A family drives down to Lodo Springs, Elewana’s latest addition to the wildlife-rich Loisaba Conservancy in Laikipia.
Road-tripping in Kenya can be exhilarating but also occasionally grueling. Our recent family expedition to Elewana’s new addition to Loisaba Conservancy in Laikipia was a perfect example. With Nairobi behind us, what followed was three and a half hours of barrelling through eaten, potholed tarmac and mucky murram, coupled with momentary stops waiting for herds of nonchalant cattle and rambunctious goats to cross the road. Then, an hour and a half of going around in circles in the conservancy having followed the wrong Google Map pin. All this, during some of the heaviest rains Kenya has encountered in decades. Needless to say, by the time we reached Lodo Springs, tempers were frayed.
We were warmly welcomed by the camp manager who must have thought we were nuts for deciding to drive, and ushered down into the property that sits perched atop an escarpment with breathtaking views of the plains leading to Mt Kenya. Due to its elevation, a consistent breeze carried the sounds of whistling thorn acacias and weaver birds. After eight hours in a car with two kids, finally, silence.
Elewana’s Loisaba Lodo Springs officially opened in mid-2019 being the third of their properties (others are Loisaba Tented Camp and Loisaba Star Beds) in this 57,000 acre conservancy and ranch. Unlike the other two hospitality offerings though, this property was a new build and a massive undertaking creatively led by architects and spatial designers Chris Payne (of White Elephant Trading Co.) and Jan Allen. The focal point for each of the eight stone-clad bedrooms is the limitless and unobstructed sight of the archetypal African plains with a high tented ceiling evoking the same sense of awe that can often be found in places of worship. Nature is the focus.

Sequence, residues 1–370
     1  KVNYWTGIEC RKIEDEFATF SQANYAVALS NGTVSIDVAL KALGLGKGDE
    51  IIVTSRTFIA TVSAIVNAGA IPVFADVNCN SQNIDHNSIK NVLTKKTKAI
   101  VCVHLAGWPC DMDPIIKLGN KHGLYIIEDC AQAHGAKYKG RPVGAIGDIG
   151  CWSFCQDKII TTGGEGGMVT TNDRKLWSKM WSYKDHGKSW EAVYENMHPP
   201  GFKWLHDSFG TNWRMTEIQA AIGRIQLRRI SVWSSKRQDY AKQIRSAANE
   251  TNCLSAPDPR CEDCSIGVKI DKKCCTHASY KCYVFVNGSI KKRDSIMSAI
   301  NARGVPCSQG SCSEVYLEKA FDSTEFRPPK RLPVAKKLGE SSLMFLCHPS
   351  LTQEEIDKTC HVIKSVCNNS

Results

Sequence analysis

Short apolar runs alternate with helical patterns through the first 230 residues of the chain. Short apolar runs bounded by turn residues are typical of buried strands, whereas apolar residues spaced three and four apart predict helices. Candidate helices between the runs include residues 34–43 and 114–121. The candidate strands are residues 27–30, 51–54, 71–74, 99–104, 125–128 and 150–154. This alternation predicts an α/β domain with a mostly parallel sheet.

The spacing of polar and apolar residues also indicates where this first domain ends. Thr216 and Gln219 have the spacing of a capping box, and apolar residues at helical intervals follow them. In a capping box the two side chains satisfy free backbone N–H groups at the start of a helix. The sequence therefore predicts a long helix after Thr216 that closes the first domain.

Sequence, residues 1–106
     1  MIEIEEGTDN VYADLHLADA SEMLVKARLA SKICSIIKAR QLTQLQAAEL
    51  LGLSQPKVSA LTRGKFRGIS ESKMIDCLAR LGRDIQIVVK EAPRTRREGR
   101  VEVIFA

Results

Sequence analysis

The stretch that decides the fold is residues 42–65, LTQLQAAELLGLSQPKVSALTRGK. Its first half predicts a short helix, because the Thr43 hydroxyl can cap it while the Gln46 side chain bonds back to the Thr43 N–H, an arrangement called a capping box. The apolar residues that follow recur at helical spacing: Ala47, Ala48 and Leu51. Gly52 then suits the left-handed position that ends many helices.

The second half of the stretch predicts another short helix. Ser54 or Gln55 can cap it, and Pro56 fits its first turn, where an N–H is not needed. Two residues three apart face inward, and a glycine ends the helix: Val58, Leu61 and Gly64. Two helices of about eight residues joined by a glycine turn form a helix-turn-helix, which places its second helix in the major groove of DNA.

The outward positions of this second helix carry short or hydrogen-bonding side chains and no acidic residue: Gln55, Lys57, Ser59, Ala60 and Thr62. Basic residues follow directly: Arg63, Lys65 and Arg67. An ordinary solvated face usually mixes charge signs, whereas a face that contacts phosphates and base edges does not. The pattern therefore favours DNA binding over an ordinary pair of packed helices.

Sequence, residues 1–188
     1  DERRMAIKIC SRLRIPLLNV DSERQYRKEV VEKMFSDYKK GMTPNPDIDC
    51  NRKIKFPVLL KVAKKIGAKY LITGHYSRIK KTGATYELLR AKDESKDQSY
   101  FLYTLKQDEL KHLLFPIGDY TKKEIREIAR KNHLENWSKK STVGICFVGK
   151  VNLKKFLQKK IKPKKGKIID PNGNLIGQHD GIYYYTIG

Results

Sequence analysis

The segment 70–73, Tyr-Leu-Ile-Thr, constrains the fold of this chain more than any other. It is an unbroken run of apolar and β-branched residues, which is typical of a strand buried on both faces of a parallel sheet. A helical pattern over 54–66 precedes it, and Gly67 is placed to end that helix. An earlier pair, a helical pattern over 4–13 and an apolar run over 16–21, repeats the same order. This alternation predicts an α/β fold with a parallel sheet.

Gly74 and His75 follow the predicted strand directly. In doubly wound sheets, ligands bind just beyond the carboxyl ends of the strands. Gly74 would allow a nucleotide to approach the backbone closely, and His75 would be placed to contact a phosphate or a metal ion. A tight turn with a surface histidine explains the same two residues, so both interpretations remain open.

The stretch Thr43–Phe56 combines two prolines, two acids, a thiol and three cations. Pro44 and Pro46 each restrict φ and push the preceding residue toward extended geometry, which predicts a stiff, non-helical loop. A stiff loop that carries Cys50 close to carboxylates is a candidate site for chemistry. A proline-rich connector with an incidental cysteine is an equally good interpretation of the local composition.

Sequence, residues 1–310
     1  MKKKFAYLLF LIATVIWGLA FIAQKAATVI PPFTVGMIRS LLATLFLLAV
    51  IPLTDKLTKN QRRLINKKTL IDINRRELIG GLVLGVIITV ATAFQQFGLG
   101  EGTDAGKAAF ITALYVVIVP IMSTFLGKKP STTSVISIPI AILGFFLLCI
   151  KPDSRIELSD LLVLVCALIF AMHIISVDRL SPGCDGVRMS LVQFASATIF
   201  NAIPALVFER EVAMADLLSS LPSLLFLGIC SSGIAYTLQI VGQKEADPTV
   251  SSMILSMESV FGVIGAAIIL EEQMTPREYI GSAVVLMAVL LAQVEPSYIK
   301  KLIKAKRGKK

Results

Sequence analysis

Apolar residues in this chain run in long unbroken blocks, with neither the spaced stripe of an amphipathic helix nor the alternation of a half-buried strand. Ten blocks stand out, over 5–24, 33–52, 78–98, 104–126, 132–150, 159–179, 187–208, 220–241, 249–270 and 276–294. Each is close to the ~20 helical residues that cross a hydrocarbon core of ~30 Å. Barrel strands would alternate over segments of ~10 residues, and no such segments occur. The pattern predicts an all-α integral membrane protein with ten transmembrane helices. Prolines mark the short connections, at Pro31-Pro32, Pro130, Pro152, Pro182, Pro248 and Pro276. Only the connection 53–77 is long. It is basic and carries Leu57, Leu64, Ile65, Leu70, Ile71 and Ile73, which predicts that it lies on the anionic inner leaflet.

Loisaba is known to be part of one of East Africa’s largest elephant corridors and our game drives in Elewana’s open Land Rovers accompanied by a dedicated guide clearly demonstrated that. The elephants were shy and not used to human contact. On close approach to a herd of 10 tuskers, the matriarch flapped her ears and pretended to charge as an act of warning, protecting the young calves that were under her care. It was a heart thumping insight into the intelligence of these vulnerable creatures.
Shrouded in several layers of shuka blankets, after sunset we tailed a lone lioness for 30 minutes culminating in an unsuccessful hunt of a skittish impala. Other wild game that the conservancy protects, including leopards, cheetahs and rare wild dogs, were much more elusive, hidden in swathes of towering bushland.
Dinners were in the cosy main dining room over candlelight and wine, digging into dishes like freshly baked focaccia with a soy dipping sauce or a warm and delicately spiced mushroom laksa soup and vegetable dumplings. In addition to the gourmet meals, they also had a separate kids menu and much to our amusement, chips and spaghetti were also mainstay during mealtimes for our fussy younger son. Breakfast and lunch were an outdoor affair, overlooking an infinity pool and the plains of Loisaba where a solitary elephant could be seen in the valley drinking from the Lodo Spring, a natural water source that attracts nearby wildlife and the namesake for the luxury property.
As our time came to an end, the ‘adventure’ that awaited in our journey back home was at the back of all our minds. We did however take comfort in two things. First, that we had experienced the beauty and majesty of this pocket of Kenya in the most sublime way as a family. Second, that when we came back to Lodo Springs…we’d take a flight!